The State Department released new security warnings Tuesday evening urging Americans to avoid crowds and be on guard, after the Senate Intelligence Committee released its report summary on the CIA's interrogation program for suspected terrorists. [READ REPORT HERE.]
The warnings were issued by U.S. embassies in Afghanistan, Pakistan and Thailand, citing the release of the report, which details harsh interrogation techniques that included waterboarding, sexual humiliation and forced feeding.
U.S. citizens in these countries "should be aware that release of declassified versions of the executive summary, findings, and conclusions of the [study] could prompt anti-U.S. protests and violence against U.S. interests, including private U.S. citizens," the warnings said.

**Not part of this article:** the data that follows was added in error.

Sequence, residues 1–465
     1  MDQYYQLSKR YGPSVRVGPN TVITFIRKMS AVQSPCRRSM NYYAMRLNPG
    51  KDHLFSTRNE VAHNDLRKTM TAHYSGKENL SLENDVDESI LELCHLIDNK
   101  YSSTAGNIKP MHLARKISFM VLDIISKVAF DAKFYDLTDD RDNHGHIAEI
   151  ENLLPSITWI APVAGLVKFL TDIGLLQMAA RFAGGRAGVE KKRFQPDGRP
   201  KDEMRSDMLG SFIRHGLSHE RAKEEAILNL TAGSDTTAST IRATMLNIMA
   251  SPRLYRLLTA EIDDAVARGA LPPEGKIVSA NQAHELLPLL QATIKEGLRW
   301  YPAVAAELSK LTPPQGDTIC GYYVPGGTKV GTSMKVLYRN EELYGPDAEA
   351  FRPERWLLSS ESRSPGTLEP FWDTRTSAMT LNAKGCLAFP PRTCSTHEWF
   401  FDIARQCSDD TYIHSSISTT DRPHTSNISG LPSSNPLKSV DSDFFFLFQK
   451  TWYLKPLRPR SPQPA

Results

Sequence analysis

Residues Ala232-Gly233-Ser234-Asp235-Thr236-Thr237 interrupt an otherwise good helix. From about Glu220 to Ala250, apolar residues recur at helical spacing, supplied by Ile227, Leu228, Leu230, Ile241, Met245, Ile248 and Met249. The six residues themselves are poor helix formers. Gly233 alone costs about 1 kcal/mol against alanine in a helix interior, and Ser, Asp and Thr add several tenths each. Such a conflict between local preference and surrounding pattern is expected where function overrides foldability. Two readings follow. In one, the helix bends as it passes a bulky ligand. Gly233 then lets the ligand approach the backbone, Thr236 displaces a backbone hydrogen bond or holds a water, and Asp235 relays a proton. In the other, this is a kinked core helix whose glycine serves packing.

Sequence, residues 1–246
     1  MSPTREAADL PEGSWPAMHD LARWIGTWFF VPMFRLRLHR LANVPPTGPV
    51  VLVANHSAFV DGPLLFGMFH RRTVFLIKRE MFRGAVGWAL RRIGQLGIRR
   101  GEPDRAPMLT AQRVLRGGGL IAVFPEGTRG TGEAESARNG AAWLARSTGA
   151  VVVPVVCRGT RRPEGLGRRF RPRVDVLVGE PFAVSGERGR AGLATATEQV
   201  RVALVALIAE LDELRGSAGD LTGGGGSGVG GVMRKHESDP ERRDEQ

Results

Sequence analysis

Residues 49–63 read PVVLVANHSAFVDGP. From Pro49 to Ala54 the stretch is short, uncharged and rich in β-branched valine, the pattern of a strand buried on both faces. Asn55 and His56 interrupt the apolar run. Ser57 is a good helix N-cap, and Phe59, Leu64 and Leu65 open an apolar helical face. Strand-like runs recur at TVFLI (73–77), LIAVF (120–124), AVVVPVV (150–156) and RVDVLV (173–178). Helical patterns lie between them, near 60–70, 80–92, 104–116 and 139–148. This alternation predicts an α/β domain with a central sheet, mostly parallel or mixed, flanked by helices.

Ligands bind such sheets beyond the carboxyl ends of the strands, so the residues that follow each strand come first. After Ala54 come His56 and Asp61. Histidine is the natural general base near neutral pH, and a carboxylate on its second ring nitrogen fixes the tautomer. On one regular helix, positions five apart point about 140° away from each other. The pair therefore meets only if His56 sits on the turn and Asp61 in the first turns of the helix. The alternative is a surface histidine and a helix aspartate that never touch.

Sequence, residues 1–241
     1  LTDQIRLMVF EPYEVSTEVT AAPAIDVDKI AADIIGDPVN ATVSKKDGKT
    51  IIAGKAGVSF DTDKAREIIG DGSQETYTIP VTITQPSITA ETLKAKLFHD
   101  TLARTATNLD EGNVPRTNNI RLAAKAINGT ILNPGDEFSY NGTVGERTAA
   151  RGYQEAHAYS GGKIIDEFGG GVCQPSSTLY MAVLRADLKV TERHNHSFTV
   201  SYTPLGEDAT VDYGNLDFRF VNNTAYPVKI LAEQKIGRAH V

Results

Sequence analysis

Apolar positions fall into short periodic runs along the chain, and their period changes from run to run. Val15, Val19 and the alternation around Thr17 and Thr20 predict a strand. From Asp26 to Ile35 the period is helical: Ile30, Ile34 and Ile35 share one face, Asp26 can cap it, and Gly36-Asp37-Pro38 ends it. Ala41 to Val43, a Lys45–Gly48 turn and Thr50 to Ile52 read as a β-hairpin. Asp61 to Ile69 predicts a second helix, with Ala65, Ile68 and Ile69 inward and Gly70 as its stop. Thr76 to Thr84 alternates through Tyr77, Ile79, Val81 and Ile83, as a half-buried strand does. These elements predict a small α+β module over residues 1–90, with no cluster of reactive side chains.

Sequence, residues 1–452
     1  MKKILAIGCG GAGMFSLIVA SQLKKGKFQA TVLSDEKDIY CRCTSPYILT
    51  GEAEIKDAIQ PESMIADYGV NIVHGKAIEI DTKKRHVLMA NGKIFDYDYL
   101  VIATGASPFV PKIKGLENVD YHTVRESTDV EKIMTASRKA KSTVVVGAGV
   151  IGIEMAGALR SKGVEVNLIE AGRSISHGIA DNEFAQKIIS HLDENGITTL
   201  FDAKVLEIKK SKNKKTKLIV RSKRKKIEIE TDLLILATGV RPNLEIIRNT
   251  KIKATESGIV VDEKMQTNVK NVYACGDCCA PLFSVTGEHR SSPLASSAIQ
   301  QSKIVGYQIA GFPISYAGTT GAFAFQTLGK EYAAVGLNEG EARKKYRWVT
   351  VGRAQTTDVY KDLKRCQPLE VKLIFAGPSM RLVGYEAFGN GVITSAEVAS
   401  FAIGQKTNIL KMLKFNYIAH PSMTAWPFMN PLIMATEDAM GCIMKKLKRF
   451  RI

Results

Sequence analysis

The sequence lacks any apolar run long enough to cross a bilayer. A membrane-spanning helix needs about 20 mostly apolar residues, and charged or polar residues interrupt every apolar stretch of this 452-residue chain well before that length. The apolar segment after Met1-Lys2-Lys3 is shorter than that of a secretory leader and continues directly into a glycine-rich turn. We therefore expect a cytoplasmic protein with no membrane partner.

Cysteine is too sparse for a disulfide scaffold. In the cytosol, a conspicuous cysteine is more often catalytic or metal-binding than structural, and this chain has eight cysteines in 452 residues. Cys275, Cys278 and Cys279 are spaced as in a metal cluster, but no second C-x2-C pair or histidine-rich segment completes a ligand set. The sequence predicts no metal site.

Americans were urged to avoid demonstrations and confrontational situations.
In Pakistan, Americans were urged to monitor the situation via local media and the embassy's website, and "keep a low profile, exercise caution, and avoid large gatherings," the State Department said in its release.
Thailand had hosted a CIA detention facility before the program was canceled in 2009. Although the report did not name countries involved, locations have been previously reported in the media.
On Friday, the Joint Chiefs of Staff issued a warning to all U.S. military commanders around the world to be on alert in anticipation of the report's release.